“The greatest tragedy in America is not the destruction of
— Oliver Wendell Holmes
– Zig Ziglar paraphrasing Stephen Covey
George W. Bush (1946- ), 43rd President of the United States.
Golf is a uniquely alluring sport without a rival as far as I’m concerned. It’s much more than a game. Golf is a character tester and it can be a character builder. A golf course is a place to conduct business, have a date, get exercise, spend money, enjoy nature, unwind and make new friends. A golf course is where memories are made.
Golf is primarily an individual sport. Golfers sometimes lose sight of this amidst all of the two-man best ball and Texas scramble events. Even though I like team events, I play golf primarily because it’s a one-on-one game. In fact, it’s really several one-on-one games rolled into one. It’s me today against me yesterday. It’s me against my best ever. It’s me against the course and the forces of nature. It’s me against my own mind. And of course, me against each of my rivals. The challenge is to win one or more of these battles. I don’t have to win them all to have a good day.
“There’s something intrinsically therapeutic about choosing to spend your time in a wide, open park-like setting that non-golfers can never truly understand.” — Charles Rosin, Northern Exposure, Aurora Borealis, 1990
While total score is the competition benchmark I value most, there are actually 18 competitions — 18 opportunities for victory and a story in the clubhouse. Come to think of it, each shot affords such an opportunity. It only takes one special shot to earn bragging rights and bring a golfer back again.
Golf has a strange tradition where a player scoring an ace buys a round of drinks for his/her playing companions (in some places for the entire clubhouse). In spite of this hit on the wallet, a golfer rejoices when he/she gets the opportunity to lift the ball out of the cup and scratch a “1” on the scorecard. Such a “stroke of luck” (pun intended) gives a golfer the right to describe how he carefully lined up the shot, accounted for the wind and struck the ball with great precision. Somehow, the double skip off the lake and friendly kick off the tree never make it into the clubhouse version.
“Man blames fate for other accidents but feels personally responsible for a hole in one.” — Martha Beckman
Like a theatrical production, a round of golf can be a comedy or a tragedy. When my opponent hits his ball out of bounds it’s his tragedy that often results in some spicy golf language and possibly a physical act more appropriate for a track and field meet. I can’t help but see this same scene as a comedy. In my younger days, I put on some great theater for my playing companions, like the time I unofficially broke the world javelin record with my pitching wedge.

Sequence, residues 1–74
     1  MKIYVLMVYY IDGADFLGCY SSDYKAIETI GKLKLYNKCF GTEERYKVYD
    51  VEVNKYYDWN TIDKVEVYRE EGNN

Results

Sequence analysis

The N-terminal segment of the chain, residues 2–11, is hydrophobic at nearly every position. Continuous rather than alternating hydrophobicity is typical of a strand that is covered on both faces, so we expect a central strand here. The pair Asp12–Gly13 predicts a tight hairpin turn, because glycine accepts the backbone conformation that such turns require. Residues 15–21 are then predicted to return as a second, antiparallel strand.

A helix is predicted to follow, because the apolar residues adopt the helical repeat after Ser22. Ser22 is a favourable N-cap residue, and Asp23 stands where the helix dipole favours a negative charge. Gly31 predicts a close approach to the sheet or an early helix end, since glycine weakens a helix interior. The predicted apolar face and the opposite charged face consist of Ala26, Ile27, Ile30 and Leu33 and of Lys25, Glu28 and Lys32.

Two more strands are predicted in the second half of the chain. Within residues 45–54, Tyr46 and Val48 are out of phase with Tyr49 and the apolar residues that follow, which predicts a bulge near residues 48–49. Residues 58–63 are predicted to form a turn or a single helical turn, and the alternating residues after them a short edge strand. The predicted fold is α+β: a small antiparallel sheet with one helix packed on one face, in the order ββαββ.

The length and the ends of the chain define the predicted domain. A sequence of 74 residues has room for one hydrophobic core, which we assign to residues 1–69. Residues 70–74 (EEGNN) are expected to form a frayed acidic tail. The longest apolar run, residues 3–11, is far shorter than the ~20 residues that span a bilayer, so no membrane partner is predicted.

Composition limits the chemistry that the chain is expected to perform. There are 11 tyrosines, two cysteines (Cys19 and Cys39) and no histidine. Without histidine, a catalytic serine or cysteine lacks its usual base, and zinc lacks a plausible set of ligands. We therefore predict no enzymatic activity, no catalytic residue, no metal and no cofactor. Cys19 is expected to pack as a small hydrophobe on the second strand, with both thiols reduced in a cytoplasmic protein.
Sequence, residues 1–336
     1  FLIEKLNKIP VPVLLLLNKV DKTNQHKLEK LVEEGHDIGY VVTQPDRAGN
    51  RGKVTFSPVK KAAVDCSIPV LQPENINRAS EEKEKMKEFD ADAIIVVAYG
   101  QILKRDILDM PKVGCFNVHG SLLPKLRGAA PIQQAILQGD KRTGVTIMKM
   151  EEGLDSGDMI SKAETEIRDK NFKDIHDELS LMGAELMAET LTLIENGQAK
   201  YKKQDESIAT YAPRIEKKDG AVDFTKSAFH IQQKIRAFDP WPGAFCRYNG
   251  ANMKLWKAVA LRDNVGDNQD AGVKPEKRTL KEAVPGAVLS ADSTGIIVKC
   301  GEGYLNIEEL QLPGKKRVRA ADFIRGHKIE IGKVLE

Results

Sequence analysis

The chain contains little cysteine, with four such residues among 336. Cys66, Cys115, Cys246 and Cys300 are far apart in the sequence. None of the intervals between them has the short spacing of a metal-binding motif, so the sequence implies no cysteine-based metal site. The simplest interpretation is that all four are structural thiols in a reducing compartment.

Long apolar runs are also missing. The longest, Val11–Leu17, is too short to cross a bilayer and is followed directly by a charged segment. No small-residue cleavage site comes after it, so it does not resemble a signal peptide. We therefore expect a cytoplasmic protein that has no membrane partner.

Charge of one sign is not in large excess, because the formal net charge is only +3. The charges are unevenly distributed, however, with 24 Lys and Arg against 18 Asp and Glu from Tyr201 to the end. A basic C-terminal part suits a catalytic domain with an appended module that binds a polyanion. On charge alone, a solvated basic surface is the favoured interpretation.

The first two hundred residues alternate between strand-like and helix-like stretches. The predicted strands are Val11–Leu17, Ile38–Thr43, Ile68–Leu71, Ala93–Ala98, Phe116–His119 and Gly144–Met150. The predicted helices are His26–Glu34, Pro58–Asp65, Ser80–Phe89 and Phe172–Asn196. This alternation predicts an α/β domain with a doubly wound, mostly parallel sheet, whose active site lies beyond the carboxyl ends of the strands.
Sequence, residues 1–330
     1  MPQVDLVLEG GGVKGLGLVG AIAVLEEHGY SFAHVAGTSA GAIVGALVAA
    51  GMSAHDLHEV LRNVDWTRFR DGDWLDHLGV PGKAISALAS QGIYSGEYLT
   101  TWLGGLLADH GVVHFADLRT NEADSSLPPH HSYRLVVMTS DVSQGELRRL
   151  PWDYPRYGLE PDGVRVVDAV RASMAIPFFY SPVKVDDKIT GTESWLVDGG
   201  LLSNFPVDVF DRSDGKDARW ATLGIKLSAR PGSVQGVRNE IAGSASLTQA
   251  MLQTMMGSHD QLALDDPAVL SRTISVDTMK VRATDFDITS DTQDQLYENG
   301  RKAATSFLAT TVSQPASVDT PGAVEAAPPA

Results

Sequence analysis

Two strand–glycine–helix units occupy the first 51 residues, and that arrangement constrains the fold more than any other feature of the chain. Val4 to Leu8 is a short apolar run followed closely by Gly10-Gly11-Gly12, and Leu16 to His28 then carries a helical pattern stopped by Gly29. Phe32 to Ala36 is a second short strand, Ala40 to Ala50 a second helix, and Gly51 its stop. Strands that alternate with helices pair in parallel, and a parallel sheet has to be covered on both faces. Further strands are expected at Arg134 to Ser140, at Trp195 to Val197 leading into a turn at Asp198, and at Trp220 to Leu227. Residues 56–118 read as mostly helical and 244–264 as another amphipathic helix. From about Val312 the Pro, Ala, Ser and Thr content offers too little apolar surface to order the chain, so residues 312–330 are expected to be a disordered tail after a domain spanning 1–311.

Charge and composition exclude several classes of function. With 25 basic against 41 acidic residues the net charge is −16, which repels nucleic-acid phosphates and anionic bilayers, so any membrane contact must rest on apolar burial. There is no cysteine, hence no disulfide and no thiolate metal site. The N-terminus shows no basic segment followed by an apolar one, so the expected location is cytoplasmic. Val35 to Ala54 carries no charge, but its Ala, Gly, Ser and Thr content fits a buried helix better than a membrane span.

“They throw their clubs backwards, and that’s wrong. You should always throw a club ahead of you so that you don’t have to walk any extra distance to get it.” — Tommy Bolt, about the tempers of modern players
There is an immediate bond between golfers. So the question, “Do you play golf?” is a great icebreaker at parties and business functions. A particular line that makes me laugh inside everytime I hear it comes from non-golfers. When asked if they play the game, some will say, “Just miniature golf.” This is like Chuck Yeager asking someone, “Are you a pilot, too?” followed by the response, “No, but I make great paper airplanes.”
The game never gets boring because there are so many ways to play it and so many different tracks to play. I’ve played night golf, one-handed golf, golf with only two clubs, and golf in the rain. I’ve played golf when it was 10 degrees as well as barefoot golf (not on the same day.) Some claim to have played naked golf. (I cannot.) I’ve played 150 or more different courses, including some nice private clubs like Muirfield Village near Columbus and Country Club of the North near Dayton. I’ve been thrown off two golf courses (not these.) — stories I’ll save for another day.
“Golf is a game in which you claim the privileges of age, and retain the playthings of childhood.” — Samuel Johnson (1709 – 1784)
“The reason the pro tells you to keep your head down is so you can’t see him laughing.” — Phyllis Diller
“If you drink, don’t drive. Don’t even putt.” — Dean Martin
What is the most alluring part of the game? Why, the memories, of course!
© Copyright July 2008, Clancy Cross. All rights reserved.
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